I have found I don’t even have to go very far or really try very hard to start trying to help “mother” other people’s children. One of the privileges parents of elementary children have is to have lunch with them in the school cafeteria. Even with my degree in education, I was shocked at how much most children are starving for positive attention. The kids at my daughter’s lunch table talked my ears off. There was so much they were excited or worried about. They grabbed at the chance to be really heard by an adult.
My daughter often gets tickled because I end up mothering the children of even total strangers. Trips to the zoo, aquarium or other child gathering places usually involve at least one conversation a strange child strikes up with me. I try to listen as if they are a fellow adult and what they are telling me is just as important to me at that moment as it is to them. Frankly, most of the time it is. Kids are great. They have such an interesting perspective on everything and I find my talks with them refreshing.
When I was growing up, my family would jokingly “adopt” other children. Their parents may have worked long hours or they lived at a children’s home or a boarding school near us. We would pick them up on the way to events to make sure they got there. We would often pull to the side of the road to let a child jump in for a ride home instead of walking the four or five miles ahead of them. We took children to cultural events with us and rarely was there a night without extra people at the table.
We have tried to do that in our own family. When we are in Mexico, we try to take several other of the children from the orphanage with us on at least some outings. If a child’s mother here regularly forgets to send food to activities overlapping meal times, I will send extra food with my child for her friend. I have had several kids over the years call me their adopted mom and I often tease our most frequent visitors that they are my “other daughter from another mother”. Frankly, even kids with great moms can always use a little more love and support in this harsh world.
Sometimes I will ask children that I am exposed to in life what is the most exciting or the most concerning thing in their life right now. I especially try to at least touch base with the kids who look depressed, hurting or angry. No matter how great their mothers are, I may be the only mother around at that moment. They need any loving, caring mom they can find to nurture them and give them great advice. I have no problem offering to fill even a temporary void.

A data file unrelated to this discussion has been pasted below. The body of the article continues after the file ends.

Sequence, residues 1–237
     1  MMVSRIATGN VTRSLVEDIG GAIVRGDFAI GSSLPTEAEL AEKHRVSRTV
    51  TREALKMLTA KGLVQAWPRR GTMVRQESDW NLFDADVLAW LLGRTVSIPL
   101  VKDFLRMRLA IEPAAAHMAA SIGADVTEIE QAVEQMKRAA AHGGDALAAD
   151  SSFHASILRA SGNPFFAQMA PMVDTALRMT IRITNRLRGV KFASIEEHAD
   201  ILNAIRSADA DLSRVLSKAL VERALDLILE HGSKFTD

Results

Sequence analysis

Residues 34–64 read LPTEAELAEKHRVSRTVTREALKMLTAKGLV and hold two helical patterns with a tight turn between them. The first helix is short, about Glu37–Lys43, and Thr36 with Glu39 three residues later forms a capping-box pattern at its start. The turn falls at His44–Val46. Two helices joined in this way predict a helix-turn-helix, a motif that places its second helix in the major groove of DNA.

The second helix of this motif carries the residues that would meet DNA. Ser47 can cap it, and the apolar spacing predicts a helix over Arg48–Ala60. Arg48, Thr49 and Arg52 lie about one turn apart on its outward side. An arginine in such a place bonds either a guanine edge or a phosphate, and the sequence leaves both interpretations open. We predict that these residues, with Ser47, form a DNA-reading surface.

Should I have the privilege of having a child in my Bible class, I get really excited. Here is my chance to really throw a little “Hannah parenting” at them! Some of my old Bible class students are long grown with kids of their own now. It is always amazing to me how much they still remember from the things we did in class. I especially love it when I hear one of them say, “You couldn’t get out of her class without having learned that!”
Can I point to any child and say that child is a Christian and has a wonderful, perfect life now because of my temporary mothering? No, and I doubt seriously my own child will have a perfect life with no “faith bumps” in it. I do know that I hope every child I meet knows they are valued and loved not only by me but by God. I try to think of it as planting as many seeds as I can for God. Only God can give the increase, but maybe if I am intentional about it, I can be the Johnny Appleseed of planting the seeds of God’s love with every child I meet.
I hope as you try to dedicate your own child’s life to God, you will join me in sharing your mother’s love with the other children in the world. Only God knows what those seeds of love and nurturing you try to plant may do in the life of the children you meet. All I know for sure is that I will do everything I can to help more children eventually make it to heaven. I plan to take it one conversation, one outing and one hug at a time. I pray you will join me!